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In conjunction with Shuzo Azuchi Gulliver’s Cinematic Illumination, we present an online screening and virtual book launch featuring artistic and critical voices essential to viewing Gulliver’s immersive slide installation in context. In late-1960s Japan, debates around artistic innovation, politics, and technology found expression in pioneering modes of filmmaking and critical writing alike, making this dual focus on theory and practice all the more appropriate.
A selection of short films, organized by scholar Go Hirasawa, charts experimentation in multiple projection and performance across poetic and political registers, and is accompanied by a live virtual book launch for Japanese Expanded Cinema and Intermedia: Critical Texts of the 1960s (edited by Hirasawa, Julian Ross, and Ann Adachi-Tasch). These programs are presented in celebration of Collaborative Cataloging Japan, the Philadelphia-based organization whose mission of scholarship and preservation has nurtured new audiences and an international community of researchers around some the most daring—and most ephemeral—forms of moving image to come out of Japan.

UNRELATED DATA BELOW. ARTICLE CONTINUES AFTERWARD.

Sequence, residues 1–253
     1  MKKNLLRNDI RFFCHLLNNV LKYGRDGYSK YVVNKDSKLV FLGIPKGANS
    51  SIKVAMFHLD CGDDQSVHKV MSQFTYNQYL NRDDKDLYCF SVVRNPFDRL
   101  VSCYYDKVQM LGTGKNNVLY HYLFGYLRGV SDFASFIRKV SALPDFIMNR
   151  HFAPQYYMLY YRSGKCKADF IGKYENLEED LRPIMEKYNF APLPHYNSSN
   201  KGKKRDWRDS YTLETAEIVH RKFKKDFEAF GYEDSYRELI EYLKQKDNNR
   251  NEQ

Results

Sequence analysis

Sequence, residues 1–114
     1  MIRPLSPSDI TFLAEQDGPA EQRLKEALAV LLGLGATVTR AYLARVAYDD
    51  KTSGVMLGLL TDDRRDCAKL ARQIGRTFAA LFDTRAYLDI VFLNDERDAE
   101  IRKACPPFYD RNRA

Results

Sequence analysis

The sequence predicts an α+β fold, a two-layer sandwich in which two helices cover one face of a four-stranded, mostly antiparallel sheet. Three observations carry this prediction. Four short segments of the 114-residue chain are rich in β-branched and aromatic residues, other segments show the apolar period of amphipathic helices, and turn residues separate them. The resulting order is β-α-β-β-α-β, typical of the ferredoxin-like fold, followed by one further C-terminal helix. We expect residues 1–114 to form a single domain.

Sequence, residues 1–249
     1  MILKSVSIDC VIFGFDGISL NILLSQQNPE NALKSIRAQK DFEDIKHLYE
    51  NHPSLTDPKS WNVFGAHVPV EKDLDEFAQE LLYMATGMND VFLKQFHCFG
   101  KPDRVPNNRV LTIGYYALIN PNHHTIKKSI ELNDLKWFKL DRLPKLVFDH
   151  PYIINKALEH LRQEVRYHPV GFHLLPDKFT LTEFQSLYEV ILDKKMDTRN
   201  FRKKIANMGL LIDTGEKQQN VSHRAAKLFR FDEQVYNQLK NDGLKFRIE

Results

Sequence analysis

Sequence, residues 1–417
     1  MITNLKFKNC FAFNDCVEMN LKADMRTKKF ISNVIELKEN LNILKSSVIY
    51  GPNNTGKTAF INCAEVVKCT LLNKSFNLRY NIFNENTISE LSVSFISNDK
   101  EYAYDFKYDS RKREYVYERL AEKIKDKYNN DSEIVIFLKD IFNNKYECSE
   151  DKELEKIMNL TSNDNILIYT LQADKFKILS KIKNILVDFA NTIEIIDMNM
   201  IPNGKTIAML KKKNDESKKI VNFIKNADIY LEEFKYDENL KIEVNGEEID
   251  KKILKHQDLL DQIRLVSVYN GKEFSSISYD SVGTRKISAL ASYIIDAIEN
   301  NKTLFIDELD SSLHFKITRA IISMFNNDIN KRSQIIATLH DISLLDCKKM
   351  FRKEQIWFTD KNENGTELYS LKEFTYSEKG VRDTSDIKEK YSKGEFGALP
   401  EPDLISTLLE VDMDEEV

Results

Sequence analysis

Organized by Go Hirasawa, Researcher, Meiji Gakuin University, and Sophie Cavoulacos, Assistant Curator, Department of Film.